One of the most prolific authors in history, Stephen King is always ready to deliver a spine-chilling new novel – a book that’s almost always guaranteed to be turned into a film. Movies based on Stephen King’s books are amongst some of the most well-received films, but, as we all know, they can’t all be winners.
From highs to lows, we’re taking a look at some of the best movies based on Stephen King’s books – and some of them that should have remained as novels.
Worst – Maximum Overdrive (1986)
An eclectic mix of action and horror, 1986’s Maximum Overdrive is one of the most divisive films based on King’s works. For one, its campy action and over-the-top plot have earned it a following as a cult film. However, even seemingly intentional cheesy flicks are subject to critics, and professional ones weren’t impressed by Maximum Overdrive.
The film follows a group of people trying to survive when machines suddenly come to life. Maximum Overdrive also holds the unique distinction of being the only movie directed by Stephen King, who has admitted to having been under the influence of cocaine when working on the film. Perhaps that explains the killer Green Goblin truck.
Best – The Shawshank Redemption (1994)
Surprisingly, not every Stephen King book has to do with a killer clown or some kind of primordial evil. Some of his very best novels are based on more human subjects – like the bond that two prisoners share when they serve time at the Shawshank prison. Starring Tim Robbins and Morgan Freeman and directed by Frank Darabont, The Shawshank Redemption tops many critics’ lists of best films ever.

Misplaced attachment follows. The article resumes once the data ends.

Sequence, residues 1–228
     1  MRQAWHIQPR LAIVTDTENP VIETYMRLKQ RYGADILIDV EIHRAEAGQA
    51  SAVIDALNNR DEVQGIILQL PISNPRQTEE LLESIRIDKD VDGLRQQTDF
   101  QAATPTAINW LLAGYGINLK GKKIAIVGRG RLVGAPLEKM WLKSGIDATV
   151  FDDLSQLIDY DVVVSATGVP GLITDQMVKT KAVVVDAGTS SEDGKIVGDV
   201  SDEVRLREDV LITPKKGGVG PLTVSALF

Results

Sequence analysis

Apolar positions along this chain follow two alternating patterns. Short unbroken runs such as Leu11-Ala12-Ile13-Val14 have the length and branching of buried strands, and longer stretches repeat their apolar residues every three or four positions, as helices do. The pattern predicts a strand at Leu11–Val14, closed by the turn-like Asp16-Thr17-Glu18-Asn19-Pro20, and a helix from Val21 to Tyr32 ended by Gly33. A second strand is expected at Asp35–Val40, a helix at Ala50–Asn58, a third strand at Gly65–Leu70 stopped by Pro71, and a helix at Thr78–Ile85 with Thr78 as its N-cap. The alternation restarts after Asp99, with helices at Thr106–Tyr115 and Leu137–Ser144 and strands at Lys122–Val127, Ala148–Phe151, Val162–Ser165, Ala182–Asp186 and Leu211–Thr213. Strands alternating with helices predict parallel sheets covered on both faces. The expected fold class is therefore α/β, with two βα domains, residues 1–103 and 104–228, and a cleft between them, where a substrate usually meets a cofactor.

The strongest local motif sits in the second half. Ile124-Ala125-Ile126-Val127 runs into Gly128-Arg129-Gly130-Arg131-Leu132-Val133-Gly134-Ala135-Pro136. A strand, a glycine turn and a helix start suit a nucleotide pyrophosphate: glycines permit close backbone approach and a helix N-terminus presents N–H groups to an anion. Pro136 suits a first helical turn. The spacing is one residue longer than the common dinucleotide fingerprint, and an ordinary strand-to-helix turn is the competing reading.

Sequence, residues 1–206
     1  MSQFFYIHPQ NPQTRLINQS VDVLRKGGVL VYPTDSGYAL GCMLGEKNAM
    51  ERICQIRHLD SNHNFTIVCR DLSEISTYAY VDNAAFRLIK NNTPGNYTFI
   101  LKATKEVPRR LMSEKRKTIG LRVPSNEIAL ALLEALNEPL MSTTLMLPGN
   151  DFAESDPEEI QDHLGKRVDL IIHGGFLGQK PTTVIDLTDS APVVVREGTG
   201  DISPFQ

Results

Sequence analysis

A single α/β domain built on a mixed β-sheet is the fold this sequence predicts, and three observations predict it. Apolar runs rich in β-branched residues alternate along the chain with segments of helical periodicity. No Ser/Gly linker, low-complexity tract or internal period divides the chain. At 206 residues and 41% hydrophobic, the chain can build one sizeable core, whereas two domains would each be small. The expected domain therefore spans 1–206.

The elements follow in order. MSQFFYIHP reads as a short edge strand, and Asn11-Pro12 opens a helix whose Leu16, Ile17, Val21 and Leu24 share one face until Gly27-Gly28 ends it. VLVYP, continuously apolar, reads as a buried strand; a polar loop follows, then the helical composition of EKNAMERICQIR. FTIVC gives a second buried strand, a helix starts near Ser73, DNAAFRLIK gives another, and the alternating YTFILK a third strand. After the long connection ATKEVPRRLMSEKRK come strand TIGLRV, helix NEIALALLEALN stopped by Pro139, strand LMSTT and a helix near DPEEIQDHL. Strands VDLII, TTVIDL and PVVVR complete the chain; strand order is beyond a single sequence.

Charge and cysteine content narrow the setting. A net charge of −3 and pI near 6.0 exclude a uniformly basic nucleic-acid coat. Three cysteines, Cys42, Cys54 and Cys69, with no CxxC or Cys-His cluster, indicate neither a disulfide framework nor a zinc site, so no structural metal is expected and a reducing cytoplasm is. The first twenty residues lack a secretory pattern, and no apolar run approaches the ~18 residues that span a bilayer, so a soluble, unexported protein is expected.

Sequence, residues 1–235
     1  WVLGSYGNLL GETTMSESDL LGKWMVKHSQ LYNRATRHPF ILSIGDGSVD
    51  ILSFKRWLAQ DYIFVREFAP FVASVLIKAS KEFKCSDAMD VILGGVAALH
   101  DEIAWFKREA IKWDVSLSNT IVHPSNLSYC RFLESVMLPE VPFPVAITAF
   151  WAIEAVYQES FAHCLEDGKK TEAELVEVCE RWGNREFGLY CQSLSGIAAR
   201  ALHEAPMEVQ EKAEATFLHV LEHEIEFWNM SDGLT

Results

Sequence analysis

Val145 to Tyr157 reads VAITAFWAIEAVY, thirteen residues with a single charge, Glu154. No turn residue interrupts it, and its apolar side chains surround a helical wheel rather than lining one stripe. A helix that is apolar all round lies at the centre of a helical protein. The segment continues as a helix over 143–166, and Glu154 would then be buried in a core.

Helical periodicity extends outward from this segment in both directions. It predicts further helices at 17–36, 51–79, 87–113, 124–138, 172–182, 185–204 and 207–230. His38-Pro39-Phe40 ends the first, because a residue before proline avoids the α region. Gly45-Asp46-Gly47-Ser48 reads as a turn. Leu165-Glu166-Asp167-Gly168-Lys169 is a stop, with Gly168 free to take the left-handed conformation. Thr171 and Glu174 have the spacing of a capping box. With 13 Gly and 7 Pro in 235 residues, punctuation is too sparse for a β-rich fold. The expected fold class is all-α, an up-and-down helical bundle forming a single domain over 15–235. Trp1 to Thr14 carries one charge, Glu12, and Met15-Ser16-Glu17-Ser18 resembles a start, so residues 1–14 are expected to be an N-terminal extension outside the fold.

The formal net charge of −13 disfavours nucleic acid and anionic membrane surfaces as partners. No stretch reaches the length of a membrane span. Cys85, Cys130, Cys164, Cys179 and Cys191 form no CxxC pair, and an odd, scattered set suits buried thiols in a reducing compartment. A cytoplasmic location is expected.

Not only was The Shawshank Redemption one of actor Morgan Freeman’s favourite films of his career, but Stephen King also considers the movie to be one of the finest adaptations of one of his works to date.
Worst – Thinner (1996)
A slimy lawyer almost gets his comeuppance in 1996’s Thinner, a movie featuring some of the most cliched horror tropes in Stephen King’s library. While the flick is all over the place in terms of tone and rhythm, the source material is certainly not King’s finest work, so we should cut the filmmakers some slack here.
Billy Halleck, an obese and amoral attorney, runs over a young Romani woman, killing her instantly. The woman’s father puts a spell on Billy, causing him to lose weight rapidly. What follows is Billy’s descent into madness, as he tries anything to stay alive, even when the curse is steadily eating him.
Best – Misery (1990)
James Caan and Kathy Bates star in this disturbing tale of a crazed fan who holds her favourite author hostage in a secluded cabin. When Paul Sheldon, a renowned novelist, suffers a car accident, Annie Wilkes, one of his most loyal fans, nurtures him back to health. The problem is, she’s not keen to let him go free until he fulfils her desire for a new and perfect book.
Misery encapsulates the perfect psychological thriller: Annie Wilkes is one of King’s most iconic characters, and she doesn’t need any kind of paranormal powers to instil fear in moviegoers. Bates played the role so well that it earned her an Academy Award for Best Actress in a Leading Role in 1991.
Worst – Graveyard Shift (1990)
Rats everywhere. That’s pretty much the perfect summary for Graveyard Shift, based on one of King’s short stories. An old textile mill is besieged by the little rodents – and to make things worse, some freak accidents keep happening at the place. Behind it all lies a giant super rat with bat-like abilities. Yeah, this also wasn’t one of King’s finest.